HINT: SEO is NOT about tricking or gaming search engines. It’s about authority, relevance, value….and effective targeting of the searcher.
- What do search engines want?
- Expertise, Authority and Trustworthiness
- Long term consistency
- Technical/Onsite Optimisation
- Content Creation
- Link Building
What do search engines want?
Expertise, Authority & Trustworthiness
- Ensure that you provide a detailed author bio, providing evidence of subject matter expertise & qualifications.
- Do your research. Understand the type of information that the searcher may need. Whilst keywords can provide guidance, focus instead on being the best solution for a searcher.
- Don’t duplicate. This can be difficult for more generic subjects but where possible, conduct your own unique research and provide this data.
- Like any good article, it should reference data and facts.
- Provide links to studies and other information to help reinforce that your article is factually accurate. You can also loop in other experts to reference and add weight to your content.
- High quality and relevant links are going to be influential here. We’ll cover this when discussing link building, but remember that a strong backlink profile is critical.
- Reviews and star ratings can be indicative of a good (or bad) reputation.
- How does the industry talk about the company or author? Are they referenced in recognised papers, websites or forums? We want ‘independent, credible sources of information’ to shine a positive light.
- Website security could impact a user’s trust. SSL is a ranking factor for Google so make sure you have https on the site.
- Independent awards or recognition within an industry.
- Reviews, ratings and how others refer to your website will likely impact trustworthiness as well.
Long Term Consistency
- Not everything is perfect first time. As such, you will have to revisit some of the work you complete and adjust it according to your analytics.
- Consistency over time will mean a larger amount of deliverables (work completed in all areas of SEO)
- Your content will remain relevant. This may come in the form of regular industry news updates, or updating old content. As we’ll see, in some circumstances fresh content can have a real impact on your SEO.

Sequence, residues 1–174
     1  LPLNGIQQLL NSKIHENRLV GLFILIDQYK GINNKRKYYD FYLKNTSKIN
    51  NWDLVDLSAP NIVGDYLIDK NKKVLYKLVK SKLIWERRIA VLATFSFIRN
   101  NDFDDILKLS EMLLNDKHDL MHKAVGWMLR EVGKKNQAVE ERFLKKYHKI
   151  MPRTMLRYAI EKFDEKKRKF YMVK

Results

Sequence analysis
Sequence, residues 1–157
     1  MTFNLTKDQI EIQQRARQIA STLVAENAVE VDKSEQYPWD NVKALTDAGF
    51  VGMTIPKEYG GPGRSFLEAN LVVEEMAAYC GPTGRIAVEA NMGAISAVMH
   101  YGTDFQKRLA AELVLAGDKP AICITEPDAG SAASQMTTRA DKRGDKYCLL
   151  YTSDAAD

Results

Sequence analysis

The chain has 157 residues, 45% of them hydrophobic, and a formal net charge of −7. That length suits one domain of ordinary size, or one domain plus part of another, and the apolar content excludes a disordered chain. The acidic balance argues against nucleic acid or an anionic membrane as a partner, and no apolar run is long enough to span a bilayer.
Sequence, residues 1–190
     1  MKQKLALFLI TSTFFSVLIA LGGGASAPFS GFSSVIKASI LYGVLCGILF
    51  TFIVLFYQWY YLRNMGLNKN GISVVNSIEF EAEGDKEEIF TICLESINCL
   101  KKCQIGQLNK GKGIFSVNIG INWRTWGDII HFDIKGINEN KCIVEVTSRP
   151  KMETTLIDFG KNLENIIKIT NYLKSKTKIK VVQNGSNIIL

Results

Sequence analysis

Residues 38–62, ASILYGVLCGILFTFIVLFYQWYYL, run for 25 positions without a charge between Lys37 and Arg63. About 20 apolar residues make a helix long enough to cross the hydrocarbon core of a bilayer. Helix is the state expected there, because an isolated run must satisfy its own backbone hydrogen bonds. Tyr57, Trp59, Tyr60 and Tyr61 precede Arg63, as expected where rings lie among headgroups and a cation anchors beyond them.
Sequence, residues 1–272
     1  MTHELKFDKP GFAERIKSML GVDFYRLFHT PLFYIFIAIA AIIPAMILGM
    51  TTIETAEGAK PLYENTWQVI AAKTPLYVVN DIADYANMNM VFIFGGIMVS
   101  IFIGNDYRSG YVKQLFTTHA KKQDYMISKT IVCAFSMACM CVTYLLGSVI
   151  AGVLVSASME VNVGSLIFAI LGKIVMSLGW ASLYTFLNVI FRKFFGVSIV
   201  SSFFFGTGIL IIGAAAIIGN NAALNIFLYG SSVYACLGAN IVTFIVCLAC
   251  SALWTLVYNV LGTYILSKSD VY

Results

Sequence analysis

- Frustration and burn out can set in, especially if you set false expectations. When you look to work over what you might deem as ‘above your threshold’ for a short period, you’re automatically in the wrong mindset. You’ll expect to see short term results. This can lead to you losing faith in SEO as a channel and not reaping the long term benefits.
- SEO is constantly evolving. If you have are consistently adjusting your campaign, you’ll stay up to date.
- A portion of SEO requires reputation (such as link building). This takes time to develop, including connections with publishers and other websites.
- Brand strategy
- Messaging and communications strategy
- Audience insights
- Keyword research
- Competitor research
Brand Strategy and Marketing & Communications Strategy
Technical SEO / Onsite Optimisation
Both your users and search engines want to see a clear site structure. You may also hear this being called site hierarchy or information architecture. Essentially, there needs to be order and a clear user flow. You might need to adjust the structure to prevent pages from being buried deep in your site (i.e requiring a lot of clicks and navigation to access).
How easy is it for the user to interact with the website? Well known factors such as page load speed and whether your website is mobile friendly come into play here.
We don’t want to leave anything to chance. Optimising meta data, headings and content on each webpage help search engines understand the purpose of the page. For more advanced SEOs we can also look to use items like schema mark up to provide additional information.
“Creating compelling and useful content will likely influence your website more than any of the other factors”